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Re: A regression bug comparing Stretch to Jessie -was [Re: Doing a clean install with ATYPICAL constraints]

On Sat 13 May 2017 at 07:32:52 -0500, Richard Owlett wrote:

> On 05/12/2017 04:09 PM, tomas@tuxteam.de wrote:
> >Hash: SHA1
> >
> >On Fri, May 12, 2017 at 02:46:13PM -0500, Richard Owlett wrote:
> >>On 05/12/2017 12:40 PM, deloptes wrote:
> >
> >[...]
> >
> >>>It took me a while to realize there is difference from MySQL perspective if
> >>>you use localhost and "localhost" goes via unix socket.
> >>
> >>en englais s'il vous plait ;<
> >>I don't spell well den Anglais ou Francais <lol>
> >
> >Eh bien, comment vous voulez.
> >
> > is, you probably know that, the Internet (IPV4, to be more
> >precise) version of "me". On the network, every host sees itself
> >(among possibly other things) as
> >
> >A UNIX socket (or unix domain socket) is an entry in the file system
> >which behaves roughly like a network connection. Two processes can
> >talk bidirectionally over it, as they might do over a TCP connection.
> >
> >The database server can listen to local clients over
> >(typically on the regular MySQL port) or over a UNIX domain socket.
> >There is one subtle difference between both: whereas any process
> >can talk to, you can restrict those who can access the
> >UNIX domain socket (plus it has a couple of other tricks up its
> >sleeve).
> >
> >Thus, when setting up permissions on MySQL, you include the
> >way the connection has come to the server and it makes sense
> >to have a different set of permissions depending on whether
> >things came via a UNIX domain socket (which MySQL calls then
> >"localhost") or via port. A bit counterintuitive,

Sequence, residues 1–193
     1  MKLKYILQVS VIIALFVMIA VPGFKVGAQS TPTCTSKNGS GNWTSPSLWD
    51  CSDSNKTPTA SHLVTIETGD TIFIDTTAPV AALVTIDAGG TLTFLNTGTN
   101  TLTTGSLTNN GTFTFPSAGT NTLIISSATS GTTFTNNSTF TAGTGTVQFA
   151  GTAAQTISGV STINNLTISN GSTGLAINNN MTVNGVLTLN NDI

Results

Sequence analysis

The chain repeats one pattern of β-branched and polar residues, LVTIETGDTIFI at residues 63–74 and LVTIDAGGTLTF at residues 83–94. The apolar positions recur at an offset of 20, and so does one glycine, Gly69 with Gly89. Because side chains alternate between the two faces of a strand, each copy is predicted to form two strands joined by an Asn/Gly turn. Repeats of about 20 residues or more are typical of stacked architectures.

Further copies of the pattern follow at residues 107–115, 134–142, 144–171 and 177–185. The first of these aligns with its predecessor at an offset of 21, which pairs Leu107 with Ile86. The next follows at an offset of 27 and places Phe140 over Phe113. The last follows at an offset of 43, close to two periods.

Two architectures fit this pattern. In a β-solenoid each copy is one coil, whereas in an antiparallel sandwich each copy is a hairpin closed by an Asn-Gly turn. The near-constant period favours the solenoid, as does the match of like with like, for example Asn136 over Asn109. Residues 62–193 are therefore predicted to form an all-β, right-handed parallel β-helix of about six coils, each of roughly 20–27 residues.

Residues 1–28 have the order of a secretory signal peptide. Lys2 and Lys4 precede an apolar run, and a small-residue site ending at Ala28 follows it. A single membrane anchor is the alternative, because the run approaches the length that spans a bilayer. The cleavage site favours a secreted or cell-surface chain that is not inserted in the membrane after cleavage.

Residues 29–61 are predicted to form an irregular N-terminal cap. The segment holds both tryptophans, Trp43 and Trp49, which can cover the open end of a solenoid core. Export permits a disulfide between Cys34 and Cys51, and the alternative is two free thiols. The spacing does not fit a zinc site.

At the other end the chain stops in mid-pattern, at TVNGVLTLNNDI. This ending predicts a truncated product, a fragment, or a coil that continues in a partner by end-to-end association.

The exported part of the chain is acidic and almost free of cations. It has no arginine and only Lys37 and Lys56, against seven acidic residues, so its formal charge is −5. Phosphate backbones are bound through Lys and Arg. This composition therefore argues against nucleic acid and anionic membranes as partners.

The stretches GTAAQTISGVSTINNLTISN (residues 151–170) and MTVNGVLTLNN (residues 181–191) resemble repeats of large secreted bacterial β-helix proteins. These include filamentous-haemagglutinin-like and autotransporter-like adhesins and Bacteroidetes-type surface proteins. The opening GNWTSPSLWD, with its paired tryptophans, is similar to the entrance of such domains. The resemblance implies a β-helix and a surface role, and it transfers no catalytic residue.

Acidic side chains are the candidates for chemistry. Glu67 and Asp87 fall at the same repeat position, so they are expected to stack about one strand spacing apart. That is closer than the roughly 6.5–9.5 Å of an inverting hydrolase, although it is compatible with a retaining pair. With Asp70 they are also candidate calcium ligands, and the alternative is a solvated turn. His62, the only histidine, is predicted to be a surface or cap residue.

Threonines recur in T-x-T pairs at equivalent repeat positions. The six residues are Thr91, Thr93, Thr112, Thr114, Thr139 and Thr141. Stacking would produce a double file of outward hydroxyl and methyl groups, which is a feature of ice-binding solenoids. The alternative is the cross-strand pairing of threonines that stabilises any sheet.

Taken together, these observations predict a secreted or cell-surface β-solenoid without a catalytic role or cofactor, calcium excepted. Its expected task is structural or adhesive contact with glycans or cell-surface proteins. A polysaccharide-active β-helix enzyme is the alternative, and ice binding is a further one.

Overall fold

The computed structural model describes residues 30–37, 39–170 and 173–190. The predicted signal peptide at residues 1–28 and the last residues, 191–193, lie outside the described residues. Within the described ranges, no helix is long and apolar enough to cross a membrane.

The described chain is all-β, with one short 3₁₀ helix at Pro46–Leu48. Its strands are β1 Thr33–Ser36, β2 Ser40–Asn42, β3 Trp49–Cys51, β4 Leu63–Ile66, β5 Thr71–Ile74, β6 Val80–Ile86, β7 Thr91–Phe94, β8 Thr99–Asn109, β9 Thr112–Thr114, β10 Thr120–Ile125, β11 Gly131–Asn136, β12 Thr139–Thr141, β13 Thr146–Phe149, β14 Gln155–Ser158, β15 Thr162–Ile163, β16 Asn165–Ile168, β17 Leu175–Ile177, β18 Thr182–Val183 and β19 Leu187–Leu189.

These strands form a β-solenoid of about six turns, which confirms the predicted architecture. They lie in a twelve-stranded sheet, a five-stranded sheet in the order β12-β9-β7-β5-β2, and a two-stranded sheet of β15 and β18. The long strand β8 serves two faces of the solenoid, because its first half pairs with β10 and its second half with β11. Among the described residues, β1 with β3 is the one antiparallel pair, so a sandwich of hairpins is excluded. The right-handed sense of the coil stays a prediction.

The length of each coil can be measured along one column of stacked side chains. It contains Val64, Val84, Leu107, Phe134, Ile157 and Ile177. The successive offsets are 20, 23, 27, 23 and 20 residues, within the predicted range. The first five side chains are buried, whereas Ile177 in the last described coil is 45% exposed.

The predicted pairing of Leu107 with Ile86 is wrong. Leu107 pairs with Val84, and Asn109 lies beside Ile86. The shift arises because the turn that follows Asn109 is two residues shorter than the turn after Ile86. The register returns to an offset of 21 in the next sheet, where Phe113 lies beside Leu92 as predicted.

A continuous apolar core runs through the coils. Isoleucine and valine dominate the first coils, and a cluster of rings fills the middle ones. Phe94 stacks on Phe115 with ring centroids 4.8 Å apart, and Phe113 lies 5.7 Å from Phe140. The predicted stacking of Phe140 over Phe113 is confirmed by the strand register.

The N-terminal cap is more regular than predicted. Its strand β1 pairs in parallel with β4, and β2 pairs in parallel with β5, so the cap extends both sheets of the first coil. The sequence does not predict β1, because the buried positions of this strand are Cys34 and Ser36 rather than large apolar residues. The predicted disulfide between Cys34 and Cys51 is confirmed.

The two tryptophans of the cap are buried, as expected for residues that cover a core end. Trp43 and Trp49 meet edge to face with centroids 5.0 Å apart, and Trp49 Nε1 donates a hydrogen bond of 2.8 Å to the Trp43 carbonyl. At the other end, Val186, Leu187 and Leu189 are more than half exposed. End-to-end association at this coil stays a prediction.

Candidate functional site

> >because usually one considers and localhost as
> >synonyms.
> >
> >C'est mieux?
> >
> A little. It was helped by a solid 10 hours of sleep last night ;/
> I am convinced there is a regression bug. The $64 question is "Where?"
> I suspect a subtle dependency problem. Admittedly based on a personal design
> philosophy of how dependencies should be defined/specified/chosen/(better
> word?). I have a laptop which no longer serves its intended purpose. Once
> I've archived an image of its drive, I'll set it up to be a specialized
> test-bed multi-booting customized Debian 6, 8, and 9.

Debian documentation includes a changelog. Does any of

  * Re-implement passwordless root login (Closes: #851131)

  * Add patches to make passwordless root login default on all new
    installs in all situations. Make auth_socket a built-in plugin.
  * Clean up previous passwordless root implementation so that it
    applies only to new installs and existing databases continue
    to operate with the passwords defined in their user tables

  * Stop asking and setting a database root user password. Instead enable
    the auth_socket plugin and let unix user root access MariaDB without
    a separate password. Admins using sudo or cron scripts can use the
    same access too, and there is no debian-sys-maint password either anymore.

shake your conviction?


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